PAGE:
Monday, December 14, 2009

Laurie Doesn't Lie

Laurie is this week's winner with her guess of an oyster shell button!

So, how does one make a button out of shell? I can't say much about shell button-making in the 18th and 19th centuries...I haven't yet looked into the matter...but I have researched 20th-century shell button-making in Delaware.

Delaware, particularly south of Milford, had a 'cottage industry' in shell button-making that started at least in the 1920s and ended around 1990. The image above is one of the small factories that I visited. It had been abandoned for years and all of the machinery and materials remain inside. I also visited a household operation in a nearby barn.

South Sea bivalves (essentially clams) were imported and shipped to locals. They would drill blanks out of the shell in different sizes. Some were finished in those same factories, others were sent to Connecticut for finishing. Workers used hollow bits to drill as many blanks as possible from a shell, minimizing waste while maximizing production. The shell to the right, picked off the top of a "shell midden," is a pretty good example of the skill required of the operator. Button makers probably used a brace and bit to cut blanks prior to the advent of electrical tools, although water and steam driven mills could have supplied the power in the 19th century.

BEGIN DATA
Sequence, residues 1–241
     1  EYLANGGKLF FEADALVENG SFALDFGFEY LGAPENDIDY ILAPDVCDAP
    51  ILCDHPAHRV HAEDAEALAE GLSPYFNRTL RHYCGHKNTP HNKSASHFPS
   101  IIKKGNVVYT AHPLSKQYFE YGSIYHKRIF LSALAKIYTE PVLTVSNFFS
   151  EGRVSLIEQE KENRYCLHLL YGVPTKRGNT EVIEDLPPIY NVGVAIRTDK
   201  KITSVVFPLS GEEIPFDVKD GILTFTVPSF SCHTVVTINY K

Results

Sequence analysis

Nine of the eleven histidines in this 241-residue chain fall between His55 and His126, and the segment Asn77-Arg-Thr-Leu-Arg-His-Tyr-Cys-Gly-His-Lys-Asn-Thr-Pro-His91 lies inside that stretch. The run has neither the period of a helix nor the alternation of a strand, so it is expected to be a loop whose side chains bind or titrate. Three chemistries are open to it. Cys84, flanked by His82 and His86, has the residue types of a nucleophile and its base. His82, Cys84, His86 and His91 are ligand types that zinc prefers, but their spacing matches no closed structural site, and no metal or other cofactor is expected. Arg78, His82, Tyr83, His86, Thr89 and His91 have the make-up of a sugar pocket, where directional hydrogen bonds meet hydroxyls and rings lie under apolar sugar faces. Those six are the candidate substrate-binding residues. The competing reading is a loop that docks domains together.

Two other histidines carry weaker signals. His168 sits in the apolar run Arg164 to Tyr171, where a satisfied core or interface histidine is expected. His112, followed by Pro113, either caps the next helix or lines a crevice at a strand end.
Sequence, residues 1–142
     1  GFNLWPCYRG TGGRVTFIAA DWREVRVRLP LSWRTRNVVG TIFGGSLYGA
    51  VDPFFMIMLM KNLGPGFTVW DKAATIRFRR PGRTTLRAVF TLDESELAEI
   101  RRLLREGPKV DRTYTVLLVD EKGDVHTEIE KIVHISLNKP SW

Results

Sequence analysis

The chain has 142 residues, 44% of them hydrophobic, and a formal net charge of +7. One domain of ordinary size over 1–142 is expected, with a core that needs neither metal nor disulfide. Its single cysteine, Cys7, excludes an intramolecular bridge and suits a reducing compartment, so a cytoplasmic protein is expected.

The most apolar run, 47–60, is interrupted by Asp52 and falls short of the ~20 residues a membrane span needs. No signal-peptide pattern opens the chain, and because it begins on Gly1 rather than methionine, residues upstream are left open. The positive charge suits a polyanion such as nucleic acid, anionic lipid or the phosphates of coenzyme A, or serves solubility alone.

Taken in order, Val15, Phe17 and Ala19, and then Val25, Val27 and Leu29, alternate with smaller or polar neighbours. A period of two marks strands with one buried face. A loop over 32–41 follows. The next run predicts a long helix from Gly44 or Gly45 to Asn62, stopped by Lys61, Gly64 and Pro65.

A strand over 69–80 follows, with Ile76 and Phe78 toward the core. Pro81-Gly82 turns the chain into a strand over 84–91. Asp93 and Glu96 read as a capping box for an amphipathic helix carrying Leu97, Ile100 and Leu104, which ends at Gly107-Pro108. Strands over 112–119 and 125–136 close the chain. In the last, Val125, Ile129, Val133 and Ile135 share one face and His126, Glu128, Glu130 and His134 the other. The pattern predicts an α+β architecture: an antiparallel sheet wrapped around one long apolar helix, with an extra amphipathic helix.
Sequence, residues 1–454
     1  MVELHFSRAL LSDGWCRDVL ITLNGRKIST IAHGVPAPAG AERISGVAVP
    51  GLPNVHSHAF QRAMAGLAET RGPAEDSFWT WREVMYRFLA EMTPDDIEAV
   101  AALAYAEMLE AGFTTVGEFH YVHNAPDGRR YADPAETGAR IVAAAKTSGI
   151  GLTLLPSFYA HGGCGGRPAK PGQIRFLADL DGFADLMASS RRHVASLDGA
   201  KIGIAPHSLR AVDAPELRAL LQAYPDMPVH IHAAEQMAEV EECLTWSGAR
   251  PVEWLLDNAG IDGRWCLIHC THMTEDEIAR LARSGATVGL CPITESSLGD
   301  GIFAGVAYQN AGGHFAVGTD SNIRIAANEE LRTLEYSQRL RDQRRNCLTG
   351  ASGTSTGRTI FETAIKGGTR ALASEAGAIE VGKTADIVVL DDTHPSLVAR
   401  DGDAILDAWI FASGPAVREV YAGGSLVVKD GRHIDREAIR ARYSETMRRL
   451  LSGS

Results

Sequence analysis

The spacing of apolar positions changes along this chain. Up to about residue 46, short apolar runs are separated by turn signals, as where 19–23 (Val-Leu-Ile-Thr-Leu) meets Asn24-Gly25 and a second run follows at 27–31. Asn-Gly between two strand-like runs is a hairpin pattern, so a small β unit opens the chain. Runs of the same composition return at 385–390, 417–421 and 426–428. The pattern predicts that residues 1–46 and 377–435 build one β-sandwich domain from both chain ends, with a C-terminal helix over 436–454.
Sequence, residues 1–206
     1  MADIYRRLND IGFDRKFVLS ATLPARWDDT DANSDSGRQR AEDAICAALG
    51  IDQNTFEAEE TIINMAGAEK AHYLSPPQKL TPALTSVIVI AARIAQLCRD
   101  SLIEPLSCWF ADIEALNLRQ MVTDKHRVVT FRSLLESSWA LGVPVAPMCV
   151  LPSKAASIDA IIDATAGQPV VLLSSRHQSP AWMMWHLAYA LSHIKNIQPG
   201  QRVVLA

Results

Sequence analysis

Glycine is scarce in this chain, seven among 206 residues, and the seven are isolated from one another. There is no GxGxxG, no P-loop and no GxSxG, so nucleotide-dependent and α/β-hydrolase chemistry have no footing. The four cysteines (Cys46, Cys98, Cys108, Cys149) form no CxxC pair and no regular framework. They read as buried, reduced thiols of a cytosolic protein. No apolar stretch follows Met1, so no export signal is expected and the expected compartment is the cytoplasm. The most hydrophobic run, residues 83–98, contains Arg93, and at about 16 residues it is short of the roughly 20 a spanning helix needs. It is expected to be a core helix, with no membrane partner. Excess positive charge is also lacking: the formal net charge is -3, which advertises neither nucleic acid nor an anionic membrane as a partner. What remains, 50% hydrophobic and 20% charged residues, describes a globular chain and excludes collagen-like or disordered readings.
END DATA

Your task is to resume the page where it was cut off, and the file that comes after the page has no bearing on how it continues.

The results of all that button blank cutting were innumerable shell buttons that appear in archaeological deposits throughout the United States and small piles of shell waste around the sites of these former factories. The waste pile pictured to the right is only one of several surrounding this factory.

There is a great deal of research that can be conducted in this area, starting with detailed interviews with former button makers and distributors of materials and equipment. Then we need to document the sites, starting with the most recent, before they are destroyed, and then looking for and excavating those for which archaeological materials are all that survive.

There is a published archaeological study of shell button-making along the Mississippi River. Manufacturers used indigenous freshwater mussels. That publication, however, is not readily available and it does address late historic button making.

Now, here is Anne's choice of mystery artifact for next week.

Above is this week's Mystery Artifact. This stoneware is also sometimes glazed with a rich purple color. Good Luck.


1 comment:

Anonymous said...

Westerwald! With cobalt blue or magnesium purple glaze!

Val Hall